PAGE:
For those unaware, Twitter (AppleInsider Twitter feed) is a free social networking and micro-blogging service that lets users broadcast short messages of up to 140 characters -- known as tweets -- to other users who subscribe to their feeds, known as followers.
Twitter usage has skyrocket in recent months as celebrities like Ashton Kutcher and Britney Spears have adopted the service as means of communicating with their fans. A variety of applications that let users tweet from their iPhones have also helped matters and emerged as some of the App Store's most popular downloads.
It's estimated that there are now approximately 25 million Twitter users worldwide, a figure which has been swelling at a rate of 40 percent each week ever since Oprah announced her plans last month to incorporate the service into her daily routine, says TechCrunch.
The technology blog was one of the publications to report Tuesday that Apple may be talks to acquire Twitter for $700 million in cash, citing "a normally reliable source" as saying that, “Apple is in late stage negotiations to buy Twitter and is hoping to announce it at WWDC in June."
Still, the publication immediately hedged its bets, explaining that it contacted other sources who would presumably be familiar with the matter if it was indeed materializing only to have them express no knowledge of such a situation.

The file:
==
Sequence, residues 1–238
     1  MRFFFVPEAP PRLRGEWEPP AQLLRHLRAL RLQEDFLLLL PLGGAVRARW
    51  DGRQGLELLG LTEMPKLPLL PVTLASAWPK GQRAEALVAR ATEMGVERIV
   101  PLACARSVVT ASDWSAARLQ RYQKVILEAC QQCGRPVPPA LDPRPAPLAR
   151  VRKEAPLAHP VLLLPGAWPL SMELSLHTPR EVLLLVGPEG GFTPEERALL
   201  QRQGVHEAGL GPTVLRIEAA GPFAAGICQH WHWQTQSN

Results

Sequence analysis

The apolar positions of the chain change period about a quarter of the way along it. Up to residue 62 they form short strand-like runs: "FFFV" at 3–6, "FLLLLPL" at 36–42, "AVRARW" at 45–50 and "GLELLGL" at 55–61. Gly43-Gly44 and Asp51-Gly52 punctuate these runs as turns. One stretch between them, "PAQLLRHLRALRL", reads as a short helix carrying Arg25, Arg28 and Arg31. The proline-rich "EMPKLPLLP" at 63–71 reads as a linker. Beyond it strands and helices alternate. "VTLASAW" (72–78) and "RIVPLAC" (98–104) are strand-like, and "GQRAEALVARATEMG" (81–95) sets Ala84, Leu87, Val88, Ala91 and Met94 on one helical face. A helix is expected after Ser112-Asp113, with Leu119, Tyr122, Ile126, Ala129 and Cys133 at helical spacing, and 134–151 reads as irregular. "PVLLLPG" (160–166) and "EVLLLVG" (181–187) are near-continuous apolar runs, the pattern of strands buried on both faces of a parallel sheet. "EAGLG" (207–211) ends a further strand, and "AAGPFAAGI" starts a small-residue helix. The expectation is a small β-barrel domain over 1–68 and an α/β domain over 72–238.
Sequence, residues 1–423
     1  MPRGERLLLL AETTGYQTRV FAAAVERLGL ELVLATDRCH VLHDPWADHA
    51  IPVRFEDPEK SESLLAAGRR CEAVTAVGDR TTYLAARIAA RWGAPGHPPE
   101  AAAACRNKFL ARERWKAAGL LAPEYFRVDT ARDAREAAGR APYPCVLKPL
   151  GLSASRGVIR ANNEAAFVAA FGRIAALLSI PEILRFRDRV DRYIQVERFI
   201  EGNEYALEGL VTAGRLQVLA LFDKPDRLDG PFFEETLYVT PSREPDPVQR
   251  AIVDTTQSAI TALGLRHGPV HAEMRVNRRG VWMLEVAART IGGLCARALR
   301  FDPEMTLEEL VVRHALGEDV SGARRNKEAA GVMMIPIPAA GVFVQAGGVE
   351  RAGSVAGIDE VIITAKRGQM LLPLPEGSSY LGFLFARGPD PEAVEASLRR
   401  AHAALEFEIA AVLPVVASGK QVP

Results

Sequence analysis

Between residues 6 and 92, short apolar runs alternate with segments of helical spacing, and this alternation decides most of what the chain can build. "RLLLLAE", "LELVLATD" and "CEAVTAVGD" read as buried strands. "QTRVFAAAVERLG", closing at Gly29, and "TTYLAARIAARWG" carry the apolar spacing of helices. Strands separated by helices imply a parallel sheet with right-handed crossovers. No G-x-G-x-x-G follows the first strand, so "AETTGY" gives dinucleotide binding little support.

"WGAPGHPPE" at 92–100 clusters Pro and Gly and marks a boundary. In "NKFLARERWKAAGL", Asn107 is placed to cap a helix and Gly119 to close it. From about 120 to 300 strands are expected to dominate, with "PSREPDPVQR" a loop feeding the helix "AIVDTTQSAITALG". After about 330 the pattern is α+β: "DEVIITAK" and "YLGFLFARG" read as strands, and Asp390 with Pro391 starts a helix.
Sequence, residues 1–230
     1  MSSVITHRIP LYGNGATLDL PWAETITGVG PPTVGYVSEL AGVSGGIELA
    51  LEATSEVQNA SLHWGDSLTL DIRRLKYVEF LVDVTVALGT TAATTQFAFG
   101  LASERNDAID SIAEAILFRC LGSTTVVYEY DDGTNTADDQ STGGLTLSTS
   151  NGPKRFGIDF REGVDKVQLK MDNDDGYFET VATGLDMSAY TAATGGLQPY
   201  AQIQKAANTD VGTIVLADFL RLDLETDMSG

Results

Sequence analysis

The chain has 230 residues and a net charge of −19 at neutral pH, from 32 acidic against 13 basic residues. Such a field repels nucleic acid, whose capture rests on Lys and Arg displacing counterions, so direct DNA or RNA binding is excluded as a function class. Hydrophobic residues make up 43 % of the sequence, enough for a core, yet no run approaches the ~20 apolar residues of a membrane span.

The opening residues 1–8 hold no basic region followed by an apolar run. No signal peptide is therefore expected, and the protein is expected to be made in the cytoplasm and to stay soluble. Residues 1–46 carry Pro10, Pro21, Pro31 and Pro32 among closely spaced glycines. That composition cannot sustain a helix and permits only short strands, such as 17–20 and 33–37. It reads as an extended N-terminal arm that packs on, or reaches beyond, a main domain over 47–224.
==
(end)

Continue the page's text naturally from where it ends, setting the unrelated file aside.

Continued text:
"If these discussions are happening, Twitter is keeping them very quiet indeed," wrote TechCrunch's Michael Arrington, who added that he would have passed on reporting the dubious rumor entirely had it not begun to find its way onto other technology blogs.
Arrington was likely referring to a report that cropped up a few hours earlier over at rival tech blog ValleyWag, which cited a "source who's plugged into the Valley's deal scene and has been recruited by Apple for a senior position" as passing on similar, if not exactly the same, details.
In neither report, however, is there a compelling argument waged as to where an acquisition of Twitter would fit into Apple's strategy, though ValleyWag did give it a shot by claiming the deal would land Apple seasoned engineers in tune with modern Web culture.
Founded in 2006, Twitter has yet to devise a way to profit from its success and continues to run on solely on venture capital. After reportedly turning down a buyout offer from FaceBook north of half a billion, the company in January began pitching a $250 million valuation to venture capitalists in an effort to secure more cash and maintain its course.